Our definition of art is normally limited to expertly executed car restorations, blondes and a perfectly crafted drink. But then a Banksy or a Shephard Fairey comes along and changes everything. Graffiti is art. It might have originally started as street art, but Eminem started on the street too and look how that turned out. The point is, street art is kind of a big deal now. Big enough to get the Museum of Contemporary Art Director, Jeffrey Deitch, to curate a graffiti and street art exhibition. Art in the Streets chronicles the exhibit, the first large-scale American museum exhibition of its kind. It connects the dots between the graffiti and street art movements and highlights their connection to some of our other favorite subcultures: hip hop and skateboarding. It’s a narrated walk down a graffiti-ed memory lane. $27
buy it on amazon: Check It Out
By:Pao in Rome,Italy
anonymous artist in Chambery, France.
some dope star wars artwork
By: The Miha Artnak
I don’t usually post normal photos, but I’m going to have to expand to include some photopgraphy. I love some M.I.A. so check some of these out.
Alice Pasquini is an artist multimedia based in Roma : painting, illustration, installations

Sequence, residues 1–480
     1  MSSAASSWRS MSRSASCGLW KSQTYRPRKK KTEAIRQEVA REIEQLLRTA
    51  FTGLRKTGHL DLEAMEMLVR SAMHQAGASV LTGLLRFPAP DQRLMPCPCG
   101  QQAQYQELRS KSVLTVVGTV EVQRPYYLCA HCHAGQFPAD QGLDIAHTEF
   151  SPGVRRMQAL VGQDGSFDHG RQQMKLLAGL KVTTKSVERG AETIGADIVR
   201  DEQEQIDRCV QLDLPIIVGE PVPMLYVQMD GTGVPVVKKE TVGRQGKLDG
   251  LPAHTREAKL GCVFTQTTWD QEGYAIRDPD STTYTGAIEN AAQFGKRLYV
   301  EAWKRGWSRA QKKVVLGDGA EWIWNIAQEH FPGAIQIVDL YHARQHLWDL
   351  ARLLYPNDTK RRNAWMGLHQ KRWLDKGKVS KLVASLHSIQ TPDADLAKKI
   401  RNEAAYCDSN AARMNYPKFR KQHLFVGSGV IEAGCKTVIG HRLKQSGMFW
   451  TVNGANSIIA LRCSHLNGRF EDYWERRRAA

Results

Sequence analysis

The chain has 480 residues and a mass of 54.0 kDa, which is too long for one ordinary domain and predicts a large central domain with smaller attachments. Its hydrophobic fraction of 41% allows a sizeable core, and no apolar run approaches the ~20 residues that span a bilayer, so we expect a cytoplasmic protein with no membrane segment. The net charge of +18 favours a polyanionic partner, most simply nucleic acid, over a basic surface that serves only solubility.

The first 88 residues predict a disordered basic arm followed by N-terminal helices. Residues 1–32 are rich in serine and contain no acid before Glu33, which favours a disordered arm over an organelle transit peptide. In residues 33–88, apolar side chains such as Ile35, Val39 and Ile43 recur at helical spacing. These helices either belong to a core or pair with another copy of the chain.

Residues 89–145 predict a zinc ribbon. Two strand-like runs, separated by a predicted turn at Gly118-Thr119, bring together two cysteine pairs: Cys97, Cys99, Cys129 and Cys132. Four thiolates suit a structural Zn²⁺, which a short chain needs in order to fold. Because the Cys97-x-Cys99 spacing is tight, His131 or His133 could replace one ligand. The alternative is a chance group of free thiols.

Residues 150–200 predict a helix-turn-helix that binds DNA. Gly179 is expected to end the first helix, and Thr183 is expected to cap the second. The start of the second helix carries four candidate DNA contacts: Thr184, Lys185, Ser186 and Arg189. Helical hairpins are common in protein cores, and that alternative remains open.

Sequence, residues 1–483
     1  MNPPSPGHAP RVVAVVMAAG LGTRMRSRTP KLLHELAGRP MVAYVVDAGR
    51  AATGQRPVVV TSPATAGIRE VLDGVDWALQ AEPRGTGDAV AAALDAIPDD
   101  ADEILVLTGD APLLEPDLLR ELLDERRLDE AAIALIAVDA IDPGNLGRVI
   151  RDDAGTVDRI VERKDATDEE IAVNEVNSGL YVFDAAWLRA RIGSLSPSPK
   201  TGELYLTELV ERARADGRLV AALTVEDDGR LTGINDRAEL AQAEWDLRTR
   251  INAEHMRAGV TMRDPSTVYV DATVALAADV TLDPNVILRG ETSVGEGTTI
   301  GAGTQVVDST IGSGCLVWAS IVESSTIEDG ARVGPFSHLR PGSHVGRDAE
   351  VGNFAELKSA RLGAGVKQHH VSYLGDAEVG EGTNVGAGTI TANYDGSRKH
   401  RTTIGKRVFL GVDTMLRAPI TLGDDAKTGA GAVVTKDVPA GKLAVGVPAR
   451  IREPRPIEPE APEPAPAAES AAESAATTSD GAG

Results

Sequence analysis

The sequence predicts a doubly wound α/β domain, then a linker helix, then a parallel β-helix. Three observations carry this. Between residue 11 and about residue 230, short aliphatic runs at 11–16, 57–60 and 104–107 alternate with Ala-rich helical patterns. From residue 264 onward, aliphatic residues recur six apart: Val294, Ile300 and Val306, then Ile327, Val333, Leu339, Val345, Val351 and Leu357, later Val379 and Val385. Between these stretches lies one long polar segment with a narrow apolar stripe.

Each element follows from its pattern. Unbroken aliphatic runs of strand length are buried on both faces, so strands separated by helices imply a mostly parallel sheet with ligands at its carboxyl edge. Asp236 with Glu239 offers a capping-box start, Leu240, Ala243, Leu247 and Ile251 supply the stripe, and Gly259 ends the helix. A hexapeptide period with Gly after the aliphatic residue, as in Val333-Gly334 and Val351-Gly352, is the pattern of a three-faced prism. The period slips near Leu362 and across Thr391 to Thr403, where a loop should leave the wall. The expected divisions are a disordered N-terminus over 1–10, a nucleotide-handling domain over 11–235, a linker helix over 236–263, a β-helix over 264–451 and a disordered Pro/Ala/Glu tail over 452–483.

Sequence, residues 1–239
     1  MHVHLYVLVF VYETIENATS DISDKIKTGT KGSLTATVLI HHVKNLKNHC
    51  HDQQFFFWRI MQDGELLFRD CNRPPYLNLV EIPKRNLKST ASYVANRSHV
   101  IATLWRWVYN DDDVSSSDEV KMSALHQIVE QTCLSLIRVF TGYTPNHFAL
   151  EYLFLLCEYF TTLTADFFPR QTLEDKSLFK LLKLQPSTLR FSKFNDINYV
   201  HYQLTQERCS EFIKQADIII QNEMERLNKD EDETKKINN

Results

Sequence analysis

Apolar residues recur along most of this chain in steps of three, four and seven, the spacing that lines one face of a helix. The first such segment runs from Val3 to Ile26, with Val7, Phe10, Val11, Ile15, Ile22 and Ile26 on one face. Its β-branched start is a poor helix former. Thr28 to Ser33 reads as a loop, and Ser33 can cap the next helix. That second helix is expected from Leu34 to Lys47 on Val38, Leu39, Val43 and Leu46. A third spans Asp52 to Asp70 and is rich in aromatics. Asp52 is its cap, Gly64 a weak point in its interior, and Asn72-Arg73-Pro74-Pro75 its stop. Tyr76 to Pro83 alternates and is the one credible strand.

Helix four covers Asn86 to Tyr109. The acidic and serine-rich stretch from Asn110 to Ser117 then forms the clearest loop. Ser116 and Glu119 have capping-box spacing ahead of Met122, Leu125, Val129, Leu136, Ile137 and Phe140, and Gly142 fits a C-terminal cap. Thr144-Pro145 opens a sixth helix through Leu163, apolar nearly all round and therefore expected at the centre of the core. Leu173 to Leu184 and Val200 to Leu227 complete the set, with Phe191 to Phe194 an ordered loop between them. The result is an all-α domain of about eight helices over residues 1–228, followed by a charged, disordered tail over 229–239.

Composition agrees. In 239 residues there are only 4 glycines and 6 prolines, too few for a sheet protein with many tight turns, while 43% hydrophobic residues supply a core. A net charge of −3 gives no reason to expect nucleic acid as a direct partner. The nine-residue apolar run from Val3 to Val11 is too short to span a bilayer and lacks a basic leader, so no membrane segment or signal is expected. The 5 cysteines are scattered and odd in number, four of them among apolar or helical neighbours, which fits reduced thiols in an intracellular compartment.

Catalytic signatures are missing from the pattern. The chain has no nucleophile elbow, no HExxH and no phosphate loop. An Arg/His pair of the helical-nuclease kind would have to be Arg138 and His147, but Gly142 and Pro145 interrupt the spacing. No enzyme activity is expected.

and animation are her main tools to create her poetical and hopeful artworks. Her main
subject is feminity, with a stress put on strong and independant woman.
Italian artist, CT, serves up a fresh twist on “modern” graffiti. It’s interesting to note that CT is from Torino, a town with a rich history in lettering. Societa Nebiolo, a type foundry known for its influential typefaces by their star designer, Aldo Novarese, was located here for many years.
Banksy has become a street art legend (more on that in the future). An unknown artist attempts to contact the phantom himself.
If you grew up in Charlotte during the 90s then you know how much the Hornets were loved in this city, and a ride around uptown wasn’t complete with passing the First Union building to see the larger than life murals of the team. There were a fixture there for years, sadly few pictures exist of them, but I was able to dig up a few. Takes you back doesn’t it?
Installation artist and urban planner, Candy Chang recently inspired New Orleans locals to declare their hopes and dreams on a wall in their community for her new project, Before I Die. This interactive street art uses an abandoned house as a blackboard and encouraged passersby to write down the one thing they want to do before they kick the bucket with the chalk provided.
It’s also about turning a neglected space into a constructive one where we can learn the hopes and aspirations of the people around us.
To the artist’s amazement, the entire wall was filled before the end of the first day.